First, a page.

Bin Xu received his PhD from Case Western Reserve University in 2004, followed by postdoctoral studies at Fred Hutchinson Cancer Research Center. Since 2011, he has been atenure-track Assistant Professor in the Department of Biochemistry and Center for Drug Discovery at Virginia Tech. His research interests concern cell surface receptor-ligand binding, signaling, novel receptor discovery, and translational structure-based and computer-aided liganddesign with applications to novel peptide hormone-receptor recognition, nutrient-sensing GPCRs, and immune receptors - viral ligands host-pathogen interactions relevant to diabetes, obesity, and infectious diseases. He has published more than two dozen publications in premier international peer-reviewed journals.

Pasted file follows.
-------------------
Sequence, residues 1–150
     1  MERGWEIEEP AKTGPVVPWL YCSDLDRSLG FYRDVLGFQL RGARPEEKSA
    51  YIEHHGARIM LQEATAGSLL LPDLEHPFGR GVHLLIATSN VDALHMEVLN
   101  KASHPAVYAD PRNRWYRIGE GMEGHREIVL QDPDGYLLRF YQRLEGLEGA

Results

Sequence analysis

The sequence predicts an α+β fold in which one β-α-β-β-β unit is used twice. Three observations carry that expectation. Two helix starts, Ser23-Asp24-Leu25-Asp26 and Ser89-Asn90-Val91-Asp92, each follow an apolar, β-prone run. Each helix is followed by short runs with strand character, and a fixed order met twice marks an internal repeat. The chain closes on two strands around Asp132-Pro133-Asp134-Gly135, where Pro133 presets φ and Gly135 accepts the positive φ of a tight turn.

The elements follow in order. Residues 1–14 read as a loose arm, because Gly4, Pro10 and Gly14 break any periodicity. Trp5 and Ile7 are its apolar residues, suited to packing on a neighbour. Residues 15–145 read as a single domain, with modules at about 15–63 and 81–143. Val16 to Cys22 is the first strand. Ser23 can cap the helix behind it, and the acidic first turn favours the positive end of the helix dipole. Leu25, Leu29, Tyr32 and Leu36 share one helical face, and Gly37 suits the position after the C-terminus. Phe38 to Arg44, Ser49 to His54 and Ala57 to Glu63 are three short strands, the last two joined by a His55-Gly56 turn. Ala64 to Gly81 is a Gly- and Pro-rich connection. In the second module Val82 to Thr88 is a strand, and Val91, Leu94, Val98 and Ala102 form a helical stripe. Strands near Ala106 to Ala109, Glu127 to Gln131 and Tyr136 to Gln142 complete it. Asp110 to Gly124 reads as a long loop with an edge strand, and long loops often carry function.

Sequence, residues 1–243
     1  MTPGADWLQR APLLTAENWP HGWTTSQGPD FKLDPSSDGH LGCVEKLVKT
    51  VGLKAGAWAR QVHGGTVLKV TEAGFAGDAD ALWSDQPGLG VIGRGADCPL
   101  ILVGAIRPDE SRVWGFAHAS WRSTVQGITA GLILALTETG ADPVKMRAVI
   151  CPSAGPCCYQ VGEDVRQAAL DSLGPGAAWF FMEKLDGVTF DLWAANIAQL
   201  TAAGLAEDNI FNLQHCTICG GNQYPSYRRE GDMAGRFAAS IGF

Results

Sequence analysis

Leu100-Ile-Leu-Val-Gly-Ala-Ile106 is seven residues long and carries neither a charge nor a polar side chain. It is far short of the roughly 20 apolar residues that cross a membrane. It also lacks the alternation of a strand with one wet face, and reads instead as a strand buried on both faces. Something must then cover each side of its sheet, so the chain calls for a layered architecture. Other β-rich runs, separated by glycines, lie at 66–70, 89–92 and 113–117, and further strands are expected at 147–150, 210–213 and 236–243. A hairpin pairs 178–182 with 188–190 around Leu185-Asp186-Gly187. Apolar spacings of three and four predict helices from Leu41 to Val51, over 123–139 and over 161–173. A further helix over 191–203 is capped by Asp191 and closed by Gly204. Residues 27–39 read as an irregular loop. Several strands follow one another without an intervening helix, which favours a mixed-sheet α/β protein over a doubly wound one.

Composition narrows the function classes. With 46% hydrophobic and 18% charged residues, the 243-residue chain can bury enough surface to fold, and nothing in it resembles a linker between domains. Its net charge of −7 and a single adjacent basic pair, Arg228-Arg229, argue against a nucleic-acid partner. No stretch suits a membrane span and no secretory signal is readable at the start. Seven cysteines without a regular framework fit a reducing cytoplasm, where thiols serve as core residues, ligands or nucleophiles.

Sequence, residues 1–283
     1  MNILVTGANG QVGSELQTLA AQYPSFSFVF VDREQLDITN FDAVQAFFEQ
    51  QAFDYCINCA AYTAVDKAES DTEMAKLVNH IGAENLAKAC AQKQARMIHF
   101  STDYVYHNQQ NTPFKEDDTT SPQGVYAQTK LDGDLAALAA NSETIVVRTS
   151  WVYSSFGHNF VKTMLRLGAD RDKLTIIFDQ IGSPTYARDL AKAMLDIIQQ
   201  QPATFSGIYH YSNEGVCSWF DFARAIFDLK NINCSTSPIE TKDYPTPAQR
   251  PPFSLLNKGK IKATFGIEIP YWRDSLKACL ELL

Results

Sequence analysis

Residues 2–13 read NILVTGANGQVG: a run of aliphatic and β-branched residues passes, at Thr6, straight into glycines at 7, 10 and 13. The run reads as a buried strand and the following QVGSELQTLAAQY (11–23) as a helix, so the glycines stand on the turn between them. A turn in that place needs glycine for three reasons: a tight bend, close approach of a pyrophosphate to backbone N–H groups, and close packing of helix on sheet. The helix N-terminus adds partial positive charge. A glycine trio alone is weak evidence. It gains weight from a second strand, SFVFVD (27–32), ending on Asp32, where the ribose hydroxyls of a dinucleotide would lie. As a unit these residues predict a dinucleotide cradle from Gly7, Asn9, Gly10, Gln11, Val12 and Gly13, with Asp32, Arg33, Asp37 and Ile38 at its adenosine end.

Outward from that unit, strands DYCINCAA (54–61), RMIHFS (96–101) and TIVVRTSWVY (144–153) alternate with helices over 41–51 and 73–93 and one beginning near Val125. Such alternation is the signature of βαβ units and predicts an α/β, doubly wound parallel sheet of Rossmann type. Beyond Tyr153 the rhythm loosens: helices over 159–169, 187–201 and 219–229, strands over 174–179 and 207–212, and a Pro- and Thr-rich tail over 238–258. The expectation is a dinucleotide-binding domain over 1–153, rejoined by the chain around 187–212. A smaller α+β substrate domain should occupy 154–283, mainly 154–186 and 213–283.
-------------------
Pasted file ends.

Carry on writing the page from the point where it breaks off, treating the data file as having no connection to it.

Exercise has well-recognized beneficial effects on system metabolism. Irisin was recentlyidentified as an exercise-induced peptide hormone secreted by skeletal muscle in mice andhumans. The hormone is thought to bind to so far unidentified surface receptor on white fat cellsand induces “browning” effects that improve the tissue metabolic profile and increase wholebodyenergy expenditure. As a potential new anti-obesity and anti-diabetes target, this peptidehormone is however poorly characterized. We have successfully manufactured recombinantirisin, which provides a key reagent for detailed biochemical, biophysical, and pharmacologicalcharacterizations. Wild type irisin exists in the form of dimer in solution. Through structurebasedcomputational modelling and systematic surface mutagenesis, we have mapped out thedetailed dimeric interface and engineered monomeric irisin variants. Successful manufacture of astable, monomeric, active irisin provides a novel biological for the treatment of obesity and type2 diabetes. Furthermore, we discovered a novel biological function of irisin towards pancreaticβ-cells, an effect has not been reported so far. Putative membrane receptor for this hormone waslocalized to the cell surface membrane of both β-cells and adipocytes. Using a novelphotoaffinity crossing approach, we are actively pursuing to identify the cell surface membranereceptor through which the hormone functions. Our work provided an excellent example of theutility of structure-based and computer aided design for novel protein therapeutic targets.